Olivia raced down the steps as Barba muttered, “Looks like she ignored that too.”
“Hannah!” Olivia called as she pushed through the crowd. “Hannah, stop!”
“You think you can get away with this, Frankie!” Their victim spat on the edge of hysteria just as Liv finally got her hands on her. “They’re all gonna see what you did! Barba’s gonna make you pay, you’ll see!”
Calhoun snapped, “Benson, control her!” Shielded behind his attorney, Mr. Kuliopulos merely smirked. It turned Barba’s stomach, the man’s smug expression, as if he were gratified to witness her pain. He was smart, he knew better than to reply, knew he was painting her as unhinged, that the papers would show a one-sided attack against an innocent man.
Olivia had one vice-like grip on Hannah’s elbow as she pulled her up the stairs. When Hannah caught sight of Barba, observing and unmoving, she stopped struggling to turn around and instead raced ahead. The change in direction surprised Liv, and Hannah broke free, launching herself up the steps. His coffee splattered on the white stone.
“Oh Barba!” Hannah cried, and before he could react her fists were clenching his lapels, her forehead dropped to his chest.
He met Liv’s shocked eyes as he hissed, “Hannah, please.” The girl didn’t budge, not until Liv appeared behind her, gently yet firmly pulling her away. The girl’s tearful visage stayed locked on him, like a flower turning with the sun. Without deliberation, the Lieutenant guided her inside the courthouse, hopefully to gain some composure. Inhaling sharply, Barba tugged his jacket straight and cast his gaze around the area. Initially it seemed like Hannah’s later outburst was missed, until he met the wide disbelieving gaze of Rita Calhoun. She stood with her back to her client, who was milking his fifteen minutes. The way she stared silently at Barba, it was as though she was seeing him for the first time.
Minutely Barba shook his head, his meaning clear: not here.
The counselors were due to deliver opening statements in five minutes when they wordlessly agreed to step into an empty antechamber. Barba was prepared for Calhoun to leap to the offensive, but she remained as withdrawn as she had outside.
Clearing his throat, he said, “I’m content to proceed with the current jury, but if you would rather a new pool, I’m listening. I don’t believe any of the jurors were present for the…” He hesitated to name the altercation as such. What he’d witnessed was neither exculpatory nor incriminating to either party, so he doubted it would be considered relevant at trial.
“Ms. O’Shea is clearly in a highly emotional state,” Calhoun said plainly, revealing nothing. “I wouldn’t think the DA’s office would want to put her through a trial unless the case was airtight.”
“It’s a little late to deal, counselor,” He checked his watch for effect, “And I’m surprised you wouldn’t bring your client in with you.”
Sighing loudly, looking almost like she were deflating, Calhoun set her briefcase down and crossed her arms. She avoided his eyes as she remarked, “Ms. O’Shea’s romantic history involves several significantly older men. She has a type: mid 30s to 40s, sophisticated, intelligent.”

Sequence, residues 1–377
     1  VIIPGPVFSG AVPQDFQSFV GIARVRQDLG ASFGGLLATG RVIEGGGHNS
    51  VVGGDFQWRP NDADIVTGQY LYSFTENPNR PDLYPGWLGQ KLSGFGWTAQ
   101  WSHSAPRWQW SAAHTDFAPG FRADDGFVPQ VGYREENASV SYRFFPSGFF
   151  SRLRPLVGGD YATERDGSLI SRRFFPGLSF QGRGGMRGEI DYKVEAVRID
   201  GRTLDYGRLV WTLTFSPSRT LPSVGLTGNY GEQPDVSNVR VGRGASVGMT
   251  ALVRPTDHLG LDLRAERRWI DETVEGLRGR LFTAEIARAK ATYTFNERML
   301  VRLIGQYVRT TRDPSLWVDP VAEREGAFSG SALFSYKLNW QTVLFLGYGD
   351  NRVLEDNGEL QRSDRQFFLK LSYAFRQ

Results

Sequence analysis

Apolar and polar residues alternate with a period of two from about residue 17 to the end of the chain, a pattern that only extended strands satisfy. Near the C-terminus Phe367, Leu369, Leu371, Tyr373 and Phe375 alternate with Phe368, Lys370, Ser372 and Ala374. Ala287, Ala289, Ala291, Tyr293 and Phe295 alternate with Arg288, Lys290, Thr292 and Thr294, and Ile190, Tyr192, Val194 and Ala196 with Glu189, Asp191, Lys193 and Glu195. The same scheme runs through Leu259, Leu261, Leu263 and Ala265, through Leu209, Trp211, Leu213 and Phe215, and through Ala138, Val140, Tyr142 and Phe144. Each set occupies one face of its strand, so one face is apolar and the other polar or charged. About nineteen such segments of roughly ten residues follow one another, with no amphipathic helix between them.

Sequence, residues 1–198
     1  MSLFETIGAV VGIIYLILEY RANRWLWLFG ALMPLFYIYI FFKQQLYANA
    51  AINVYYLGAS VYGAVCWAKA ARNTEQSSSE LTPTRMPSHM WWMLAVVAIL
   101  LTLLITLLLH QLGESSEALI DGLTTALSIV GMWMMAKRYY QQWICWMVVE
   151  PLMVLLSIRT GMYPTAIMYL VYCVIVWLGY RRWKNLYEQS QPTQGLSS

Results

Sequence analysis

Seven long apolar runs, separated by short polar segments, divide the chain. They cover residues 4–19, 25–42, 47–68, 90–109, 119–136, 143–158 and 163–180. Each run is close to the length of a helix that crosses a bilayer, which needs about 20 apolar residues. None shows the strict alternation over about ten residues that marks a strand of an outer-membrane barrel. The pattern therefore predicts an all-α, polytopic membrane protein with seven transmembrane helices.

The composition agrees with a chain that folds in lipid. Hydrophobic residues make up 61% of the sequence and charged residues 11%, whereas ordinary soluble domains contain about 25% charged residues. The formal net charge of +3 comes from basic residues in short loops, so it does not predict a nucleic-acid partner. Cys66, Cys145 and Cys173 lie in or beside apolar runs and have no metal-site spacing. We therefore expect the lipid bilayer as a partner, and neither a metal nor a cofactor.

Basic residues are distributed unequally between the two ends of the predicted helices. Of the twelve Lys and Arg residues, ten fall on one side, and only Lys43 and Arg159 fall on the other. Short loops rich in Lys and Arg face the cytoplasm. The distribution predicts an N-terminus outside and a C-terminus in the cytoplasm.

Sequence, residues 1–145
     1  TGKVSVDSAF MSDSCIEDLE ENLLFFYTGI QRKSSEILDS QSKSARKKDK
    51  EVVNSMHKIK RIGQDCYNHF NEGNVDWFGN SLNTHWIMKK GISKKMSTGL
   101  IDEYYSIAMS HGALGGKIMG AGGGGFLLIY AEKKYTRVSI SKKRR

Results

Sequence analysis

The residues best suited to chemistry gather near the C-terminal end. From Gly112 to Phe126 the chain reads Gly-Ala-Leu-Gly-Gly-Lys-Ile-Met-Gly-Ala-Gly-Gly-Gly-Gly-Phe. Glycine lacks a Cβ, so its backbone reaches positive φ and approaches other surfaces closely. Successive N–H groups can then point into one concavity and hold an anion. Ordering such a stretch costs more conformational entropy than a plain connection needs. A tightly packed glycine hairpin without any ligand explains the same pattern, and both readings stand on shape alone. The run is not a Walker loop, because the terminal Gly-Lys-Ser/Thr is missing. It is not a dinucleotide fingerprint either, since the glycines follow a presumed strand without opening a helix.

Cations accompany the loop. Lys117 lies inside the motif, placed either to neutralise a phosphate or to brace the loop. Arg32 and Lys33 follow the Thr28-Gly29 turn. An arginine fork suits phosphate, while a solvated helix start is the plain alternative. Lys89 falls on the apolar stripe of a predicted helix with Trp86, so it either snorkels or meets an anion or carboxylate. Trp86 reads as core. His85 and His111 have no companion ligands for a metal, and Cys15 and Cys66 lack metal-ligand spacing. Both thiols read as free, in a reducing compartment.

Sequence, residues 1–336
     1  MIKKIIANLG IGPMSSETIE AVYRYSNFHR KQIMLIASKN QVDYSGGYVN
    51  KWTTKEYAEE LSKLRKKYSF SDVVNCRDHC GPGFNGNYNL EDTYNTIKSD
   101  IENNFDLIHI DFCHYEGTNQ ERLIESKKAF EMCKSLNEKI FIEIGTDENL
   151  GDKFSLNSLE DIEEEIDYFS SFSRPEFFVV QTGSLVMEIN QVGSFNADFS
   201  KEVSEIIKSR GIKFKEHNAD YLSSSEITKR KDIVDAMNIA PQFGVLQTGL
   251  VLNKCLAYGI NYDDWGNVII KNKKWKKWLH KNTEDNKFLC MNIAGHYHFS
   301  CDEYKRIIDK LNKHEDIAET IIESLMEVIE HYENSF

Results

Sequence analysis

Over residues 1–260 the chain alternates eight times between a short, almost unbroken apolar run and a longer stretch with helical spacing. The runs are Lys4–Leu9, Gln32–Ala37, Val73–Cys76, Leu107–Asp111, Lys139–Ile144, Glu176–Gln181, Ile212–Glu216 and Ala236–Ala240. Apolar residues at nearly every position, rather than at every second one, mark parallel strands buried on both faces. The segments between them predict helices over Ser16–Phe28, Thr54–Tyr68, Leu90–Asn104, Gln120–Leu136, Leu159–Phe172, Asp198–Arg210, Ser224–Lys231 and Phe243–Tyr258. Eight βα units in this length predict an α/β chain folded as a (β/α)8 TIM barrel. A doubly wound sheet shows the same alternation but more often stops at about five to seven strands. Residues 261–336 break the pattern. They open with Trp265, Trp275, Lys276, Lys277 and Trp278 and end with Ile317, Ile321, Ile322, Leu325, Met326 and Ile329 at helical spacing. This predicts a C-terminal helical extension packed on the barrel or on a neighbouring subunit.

His teeth clenched involuntarily. “I don’t see how that’s relevant, and neither will the judge. Are you going somewhere with this or simply wasting the court’s time?”
“Was that the first time you’ve comforted Ms. O’Shea,” Calhoun pressed suddenly, “Or have you been her shoulder to cry on for weeks?”
The accusation dropped like a bomb in his gut. Barba turned away. There were extra chairs in the small room, and he lowered himself into one, hands braced on the armrests.
“Rita, you cannot mean to imply that a sitting ADA with the Sex Crimes Bureau, let alone someone you’ve known since Harvard, would take advantage of a traumatized rape victim.” He couldn’t help the fervor in his voice as he spat the last two words. Yet Rita didn’t match his volume, if anything her eyes seemed to bore deeper into him, her voice cool and steady as a rock.
“That is only based on the supposition a rape occurred. Her kit found lubrication from a condom, no DNA… Barba, you know the avenue I have to pursue.”
A dull ringing, like tinnitus after a gunshot, filled his ears. He wet his dry lips and said, “I didn’t meet her until charges were brought against Mr. Kuliopulos.”
“I have an obligation to my client to cast doubt on that. I’m bound, by the bar and by my ethics, to follow every line of defense I can. I don’t want to put that troubled girl on the stand and make her divulge her fantasies about you, but I won’t have a choice at cross.”
Yes, he could see it now, Hannah a mess behind her red ringlets as Rita effortlessly riled her, looking to Barba for assurance, for approval, and damning both of them in the perceptive eyes of the jury. What would she say if asked, when you were lonely and distraught you called ADA Barba to come over to your apartment, didn’t you? What were your plans for the evening, you and Mr. Barba, alone? Weren’t you disappointed when Lt. Benson arrived instead? Do you find him attractive, Ms. O’Shea?
His own mantra to witnesses never failed: The one thing you decide to leave out is the one thing the defense is going to use to destroy you.
Barba blinked away the vision, raised his chin. “What do you propose?”
“He pleads to the stalking, and sexual misconduct.”
“An A Misdemeanor, are you joking, the charge is Rape in the first.”
“He would go on the registry, and more importantly, the encounter outside the court, her communications with you, her testimony, it never goes on record.”
“Watch yourself, counselor, that’s perilously close to blackmail.”
“Come on, Rafael, I’m trying to help you here.” The defense attorney— Rita, sank into a crouch in front of his chair, pencil skirt riding up her knees. She covered one of his clenched fists and pried his fingers loose. “Do you honestly believe you can get Rape-1 after I put the both of you on trial?” Her demeanor was too kind, it stung, and he shut his eyes tight.
“I can’t let him go for less than a felony, not after what he did to this girl. It was forcible, the belt—“